Bonds vs. Money Market and Savings Accounts

With the rise of short-term interest rates, some investors would rather keep things simple and hold money market funds, which provide returns by investing in high-quality debt securities. At press time, 3-Month Treasury ETFs had a higher return than many money-market funds, which hovered around 4.35% to 5.15%. But since ETF prices can and do fluctuate, and MMF’s attempt to stay at $1.00 a share, MMFs could be a more stable investment from a principal risk standpoint.

Investors looking for a fixed rate of interest with no market fluctuation could also consider high-interest savings accounts from providers such as CIT Bank or American Express National Bank. At press time, they went up to 5.05%. But that was still below the yield of the 3-month Treasury bill. And these savings accounts may have conditions or restrictions that ETFs don’t. A high-interest account might charge fees, require maintaining a minimum balance, or require leaving money in for a certain time period.  

Screenshot 2024 02 22 at 3.22.16 PM
Source: U.S. Treasury, F/m Investments, Invesco, U.S. Bank, CIT Bank

Other Bond Investment Options 

Some investors may expect interest rates to dip and want to lock in the high yields of medium- and longer-term bonds by holding them until maturity. This isn’t possible with the US Benchmark, which continues rolling new Treasury issuances into the ETF. Also, there is the possibility of capital gains: The market price of higher-yielding bonds will rise if interest rates drop, and a bond holder can take a capital gain or continue holding.  

Invesco offers an alternative with its BulletShares ETFs, which hold hundreds of bonds in each maturity date, those bonds maturing from 2024 through 2033. BulletShares pay interest monthly and are actively traded. (Full disclosure: My clients and I own shares of TBIL and BulletShares.) 

BulletShares offers an investment-grade corporate bond series, which has a lower credit risk; a higher-risk high-yield corporate bond series; and a tax-free municipal bond series. Interest rates are attractive. The investment-grade 2026 maturity ETF (BSCQ) had a yield to worst, or YTW—the lowest possible potential yield—of 4.96% at press time. The high-yield series (BSJQ), maturing in 2026, had a YTW of 7.38%; the municipal bond (BSMQ) YTW was 3.03%.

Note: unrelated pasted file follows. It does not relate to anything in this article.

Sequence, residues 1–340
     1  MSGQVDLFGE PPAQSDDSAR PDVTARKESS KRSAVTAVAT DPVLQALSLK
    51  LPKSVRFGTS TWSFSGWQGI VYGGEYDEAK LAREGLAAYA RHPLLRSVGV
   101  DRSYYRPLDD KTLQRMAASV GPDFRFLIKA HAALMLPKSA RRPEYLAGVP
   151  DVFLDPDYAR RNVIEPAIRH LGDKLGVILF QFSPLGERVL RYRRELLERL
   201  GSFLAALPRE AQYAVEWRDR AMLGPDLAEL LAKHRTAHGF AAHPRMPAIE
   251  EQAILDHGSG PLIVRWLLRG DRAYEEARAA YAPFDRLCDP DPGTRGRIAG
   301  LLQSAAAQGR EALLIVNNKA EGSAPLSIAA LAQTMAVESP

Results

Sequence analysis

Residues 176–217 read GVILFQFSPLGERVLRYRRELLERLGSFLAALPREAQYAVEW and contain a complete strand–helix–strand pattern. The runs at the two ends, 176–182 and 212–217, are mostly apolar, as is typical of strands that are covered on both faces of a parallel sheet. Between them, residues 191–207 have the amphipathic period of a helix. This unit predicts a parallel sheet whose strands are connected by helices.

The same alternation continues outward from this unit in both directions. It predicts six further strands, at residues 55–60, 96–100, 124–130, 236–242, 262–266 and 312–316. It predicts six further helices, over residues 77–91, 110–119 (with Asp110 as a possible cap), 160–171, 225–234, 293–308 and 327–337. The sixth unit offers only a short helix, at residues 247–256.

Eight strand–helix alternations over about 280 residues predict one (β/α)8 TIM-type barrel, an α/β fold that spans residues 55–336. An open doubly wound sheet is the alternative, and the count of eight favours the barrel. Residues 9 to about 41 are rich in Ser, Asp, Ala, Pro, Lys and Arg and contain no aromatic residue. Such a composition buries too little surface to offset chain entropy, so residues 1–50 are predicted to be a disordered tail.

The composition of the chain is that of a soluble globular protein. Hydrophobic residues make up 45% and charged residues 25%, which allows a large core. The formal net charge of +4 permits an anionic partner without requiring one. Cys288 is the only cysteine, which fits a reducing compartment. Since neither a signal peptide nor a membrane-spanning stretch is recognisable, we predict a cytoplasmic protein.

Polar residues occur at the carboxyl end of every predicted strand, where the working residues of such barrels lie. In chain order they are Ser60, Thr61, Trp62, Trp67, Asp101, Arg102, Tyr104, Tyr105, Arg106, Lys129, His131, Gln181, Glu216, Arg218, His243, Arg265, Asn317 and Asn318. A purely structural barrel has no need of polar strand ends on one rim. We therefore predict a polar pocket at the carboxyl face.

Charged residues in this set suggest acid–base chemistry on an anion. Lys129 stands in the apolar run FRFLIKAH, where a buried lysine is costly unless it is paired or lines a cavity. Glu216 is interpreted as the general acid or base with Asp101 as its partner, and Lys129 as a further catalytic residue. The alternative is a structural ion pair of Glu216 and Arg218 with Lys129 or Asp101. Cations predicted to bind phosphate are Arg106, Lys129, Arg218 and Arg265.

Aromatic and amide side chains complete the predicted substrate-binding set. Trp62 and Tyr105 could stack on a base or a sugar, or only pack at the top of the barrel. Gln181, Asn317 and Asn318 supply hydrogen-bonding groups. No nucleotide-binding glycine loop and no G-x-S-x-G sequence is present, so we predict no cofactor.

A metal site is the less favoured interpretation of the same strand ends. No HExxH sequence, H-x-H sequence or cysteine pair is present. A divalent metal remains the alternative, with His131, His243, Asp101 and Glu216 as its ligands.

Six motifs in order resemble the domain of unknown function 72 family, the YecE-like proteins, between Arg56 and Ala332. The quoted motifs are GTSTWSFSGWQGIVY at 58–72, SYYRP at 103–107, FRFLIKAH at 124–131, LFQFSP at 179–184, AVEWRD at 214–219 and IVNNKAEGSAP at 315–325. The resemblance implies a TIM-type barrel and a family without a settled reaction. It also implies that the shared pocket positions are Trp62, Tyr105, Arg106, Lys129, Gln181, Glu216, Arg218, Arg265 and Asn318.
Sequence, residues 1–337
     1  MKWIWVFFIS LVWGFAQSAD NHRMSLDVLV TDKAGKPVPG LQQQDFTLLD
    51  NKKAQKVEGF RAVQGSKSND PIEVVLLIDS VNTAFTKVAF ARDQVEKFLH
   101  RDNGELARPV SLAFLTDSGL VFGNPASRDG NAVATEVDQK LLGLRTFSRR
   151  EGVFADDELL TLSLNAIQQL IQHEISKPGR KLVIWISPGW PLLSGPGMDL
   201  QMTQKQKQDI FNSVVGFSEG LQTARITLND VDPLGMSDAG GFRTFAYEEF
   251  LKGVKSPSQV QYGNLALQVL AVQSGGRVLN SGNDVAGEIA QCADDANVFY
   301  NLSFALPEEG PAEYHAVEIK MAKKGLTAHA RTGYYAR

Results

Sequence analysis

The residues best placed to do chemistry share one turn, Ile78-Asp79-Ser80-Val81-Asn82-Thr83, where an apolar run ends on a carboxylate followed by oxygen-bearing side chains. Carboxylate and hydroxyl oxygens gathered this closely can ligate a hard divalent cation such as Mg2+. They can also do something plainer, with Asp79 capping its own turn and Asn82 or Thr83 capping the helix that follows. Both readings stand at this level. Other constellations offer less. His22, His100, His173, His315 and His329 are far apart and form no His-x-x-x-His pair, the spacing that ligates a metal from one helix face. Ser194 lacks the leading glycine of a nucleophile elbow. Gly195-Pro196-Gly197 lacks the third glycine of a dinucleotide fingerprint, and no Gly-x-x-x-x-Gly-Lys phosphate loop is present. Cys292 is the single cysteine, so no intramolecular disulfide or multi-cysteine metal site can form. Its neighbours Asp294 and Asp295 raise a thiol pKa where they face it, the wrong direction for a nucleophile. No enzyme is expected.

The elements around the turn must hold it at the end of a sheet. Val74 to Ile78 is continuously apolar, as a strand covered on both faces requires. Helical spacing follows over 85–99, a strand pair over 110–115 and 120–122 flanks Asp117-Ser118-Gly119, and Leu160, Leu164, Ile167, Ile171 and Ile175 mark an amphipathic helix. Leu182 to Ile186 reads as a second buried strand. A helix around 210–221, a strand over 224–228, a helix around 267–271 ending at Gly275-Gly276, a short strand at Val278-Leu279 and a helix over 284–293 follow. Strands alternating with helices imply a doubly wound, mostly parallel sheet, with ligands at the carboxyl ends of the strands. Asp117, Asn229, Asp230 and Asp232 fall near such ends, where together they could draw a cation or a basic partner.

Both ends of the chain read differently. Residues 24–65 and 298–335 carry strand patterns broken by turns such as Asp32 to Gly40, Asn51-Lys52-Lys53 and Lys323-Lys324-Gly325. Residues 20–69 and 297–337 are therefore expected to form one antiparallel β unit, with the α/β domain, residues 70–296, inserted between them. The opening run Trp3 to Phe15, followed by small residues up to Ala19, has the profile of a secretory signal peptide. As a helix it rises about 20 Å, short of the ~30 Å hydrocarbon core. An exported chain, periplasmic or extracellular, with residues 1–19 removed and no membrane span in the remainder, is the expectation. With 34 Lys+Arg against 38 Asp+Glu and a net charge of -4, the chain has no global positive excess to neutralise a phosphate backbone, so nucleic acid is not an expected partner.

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Invesco provides an online “bond laddering” tool. It lets you create a portfolio by selecting the mix of bond series (based on risk/return), the timeframe for payouts, and the distribution of your investment across the various funds.

Unlike Treasury offerings, there is no Federal government backing in BulletShares. Payment obligations are from the issuing corporations in the investment-grade and high-yield ETFs; and local government authorities back the municipal ETFs. Of note: Municipal bonds are known to default at lower rates than corporate bonds, according to the Chicago Fed.

 The BulletShares offering has really grown since it launched in 2010. Jason Bloom, the head of fixed income, ETF strategy at Invesco, says he spent two years educating the market about target maturities, helping it raise its first $1 billion. He has since seen the ETF series grow to over $16 billion today and says it is growing faster than ever. 

Treasuries are safe and pay a good return. And unlike lesser-known bonds, they are liquid.”

Where is the Bond Market Headed?

Financial advisors feel confident that the Fed won’t be raising interest rates any more in the near future. “Clearly the consensus makes sense, and the Fed is not raising rates at the front end,” says Bloom, referring to short-term interest rates. Bloom said that further interest rate cuts, if and when they are made, all depend on inflation. “The Fed is slowing the economy to slow inflation,” he says, and this year everything depends on “how fast rates are going to come down at the front end of the curve.”

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Bloom feels that the curve will un-invert soon, with short-term bond rates dropping and longer-term rates rising. And he sees an opportunity today in mid-term bonds. “I really think that in the 2- to 5-year maturity band is really where you’ll pick up a higher yield, because of the inverted curve,” he says, “and [it] has the most chance for capital appreciation if the Fed cuts rates.”

BulletShares can also effectively be used for bond laddering, as the following graphic shows.

There is an opportunity to receive a good return with a reasonable risk today in the bond market, and new financial products make it possible to select the degree and type of risk that you want. The objective of using them is the same as it has always been in this market: get a good return and understand what the risks are and how to avoid or minimize them.